Tuesday, January 7, 2014
Experiencing life from someone else's eyes
That is what a well written autobiography is about. A person is describing experiences and then the feelings going on in their head and heart that those experiences create, and what was learned from those experiences. And when someone is naturally honest and self deprecating it can be a very valuable thing. A spiritual autobiography can be like living a life you never could have lived, and benifiting from the scars, wounds, and healings of another soul.
Most of us try too hard to clean up our stories even in the midst of living them. We place too high a value on the rightness of our actions and reactions since our ego and self worth are at stake.
Anne Lamott is a believer whose life was very different than mine. She kept her Jewish and Atheist friends, she stayed faithful to the feminism that birthed her personality. She stayed in the world of literature and academia. She faces life with enough honesty to say it is sometimes really full of s**t.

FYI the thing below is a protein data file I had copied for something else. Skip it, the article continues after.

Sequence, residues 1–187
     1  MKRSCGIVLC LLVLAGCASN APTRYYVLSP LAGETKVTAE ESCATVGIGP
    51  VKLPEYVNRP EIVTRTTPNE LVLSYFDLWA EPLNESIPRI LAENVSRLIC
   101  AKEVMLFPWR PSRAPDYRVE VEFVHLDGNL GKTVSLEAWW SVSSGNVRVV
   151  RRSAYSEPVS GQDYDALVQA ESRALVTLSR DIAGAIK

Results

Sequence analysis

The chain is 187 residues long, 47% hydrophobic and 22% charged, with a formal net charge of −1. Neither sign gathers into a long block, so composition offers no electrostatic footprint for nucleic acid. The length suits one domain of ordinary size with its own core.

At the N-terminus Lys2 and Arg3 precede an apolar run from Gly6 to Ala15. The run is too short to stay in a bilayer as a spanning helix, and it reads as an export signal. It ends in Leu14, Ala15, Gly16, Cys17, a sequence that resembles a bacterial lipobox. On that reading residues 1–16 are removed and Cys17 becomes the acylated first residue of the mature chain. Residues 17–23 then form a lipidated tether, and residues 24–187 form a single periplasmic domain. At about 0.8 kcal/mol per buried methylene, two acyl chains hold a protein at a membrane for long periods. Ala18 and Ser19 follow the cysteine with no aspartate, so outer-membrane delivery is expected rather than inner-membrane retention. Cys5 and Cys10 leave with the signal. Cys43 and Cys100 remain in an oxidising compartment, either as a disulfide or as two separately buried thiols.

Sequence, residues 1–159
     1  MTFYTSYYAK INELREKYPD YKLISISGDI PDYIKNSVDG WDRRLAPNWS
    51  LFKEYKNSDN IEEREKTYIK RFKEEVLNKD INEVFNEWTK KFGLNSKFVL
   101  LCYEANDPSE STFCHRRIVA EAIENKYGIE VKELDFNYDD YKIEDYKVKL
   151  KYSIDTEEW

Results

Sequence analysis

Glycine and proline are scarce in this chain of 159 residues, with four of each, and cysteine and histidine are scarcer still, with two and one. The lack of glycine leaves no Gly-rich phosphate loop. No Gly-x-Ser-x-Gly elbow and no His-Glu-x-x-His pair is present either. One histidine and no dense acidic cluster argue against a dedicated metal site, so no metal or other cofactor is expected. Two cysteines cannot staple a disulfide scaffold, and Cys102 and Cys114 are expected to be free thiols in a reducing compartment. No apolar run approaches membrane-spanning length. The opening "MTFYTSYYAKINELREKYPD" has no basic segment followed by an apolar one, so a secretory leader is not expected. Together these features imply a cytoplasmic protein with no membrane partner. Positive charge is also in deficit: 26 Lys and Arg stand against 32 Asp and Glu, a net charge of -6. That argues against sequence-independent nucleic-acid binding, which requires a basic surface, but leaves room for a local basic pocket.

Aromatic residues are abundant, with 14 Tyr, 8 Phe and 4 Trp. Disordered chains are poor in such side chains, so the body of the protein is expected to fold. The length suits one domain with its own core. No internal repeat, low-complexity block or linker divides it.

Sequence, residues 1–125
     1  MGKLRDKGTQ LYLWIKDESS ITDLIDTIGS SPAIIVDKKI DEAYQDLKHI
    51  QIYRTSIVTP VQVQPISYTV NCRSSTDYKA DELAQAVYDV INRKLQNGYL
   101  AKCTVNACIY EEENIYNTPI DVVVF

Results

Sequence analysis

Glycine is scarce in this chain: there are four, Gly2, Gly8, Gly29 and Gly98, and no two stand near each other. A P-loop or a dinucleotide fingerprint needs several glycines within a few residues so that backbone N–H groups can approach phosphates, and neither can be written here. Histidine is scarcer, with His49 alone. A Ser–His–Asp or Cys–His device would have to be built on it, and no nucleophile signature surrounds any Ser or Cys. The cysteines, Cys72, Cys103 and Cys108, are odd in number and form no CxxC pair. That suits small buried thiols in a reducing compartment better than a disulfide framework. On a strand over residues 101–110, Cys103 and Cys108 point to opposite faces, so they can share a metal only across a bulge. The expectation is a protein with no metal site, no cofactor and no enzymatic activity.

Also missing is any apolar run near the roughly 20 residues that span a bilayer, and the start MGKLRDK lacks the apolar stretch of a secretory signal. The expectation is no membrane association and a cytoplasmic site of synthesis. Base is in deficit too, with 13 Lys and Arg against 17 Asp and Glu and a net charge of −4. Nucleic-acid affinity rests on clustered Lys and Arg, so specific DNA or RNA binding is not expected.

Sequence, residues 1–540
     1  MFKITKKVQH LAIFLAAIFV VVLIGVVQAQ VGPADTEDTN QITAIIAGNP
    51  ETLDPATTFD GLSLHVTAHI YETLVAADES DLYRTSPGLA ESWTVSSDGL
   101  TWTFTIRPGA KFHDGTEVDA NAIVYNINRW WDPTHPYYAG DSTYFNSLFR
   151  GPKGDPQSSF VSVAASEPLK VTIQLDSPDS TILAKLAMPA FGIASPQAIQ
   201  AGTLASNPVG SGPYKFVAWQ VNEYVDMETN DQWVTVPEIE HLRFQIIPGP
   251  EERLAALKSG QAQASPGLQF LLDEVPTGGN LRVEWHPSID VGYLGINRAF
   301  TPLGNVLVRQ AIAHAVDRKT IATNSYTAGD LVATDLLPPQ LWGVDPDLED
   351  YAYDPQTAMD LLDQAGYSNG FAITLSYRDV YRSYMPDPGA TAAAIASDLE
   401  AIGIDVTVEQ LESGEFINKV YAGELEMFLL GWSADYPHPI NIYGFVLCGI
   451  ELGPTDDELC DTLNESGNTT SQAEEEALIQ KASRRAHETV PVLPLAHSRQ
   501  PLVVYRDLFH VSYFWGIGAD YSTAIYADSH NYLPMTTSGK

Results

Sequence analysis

She has no glowing past of moral virtue to boast from, she was immoral, did drugs, became an alcoholic. And she is forgiven. Those of us who were raised in the morals and virtures of the faith have a much harder time admitting our failures and need.
I love it when people accept that life has really hard parts, people not healed, early death, suffering, bad relationships, without having to tip toe around spiritual platitudes that we evangelicals love to repeat. She is gritty and real.
I wish I still had atheist friends to hang around and experience life with, and to ask the questions together.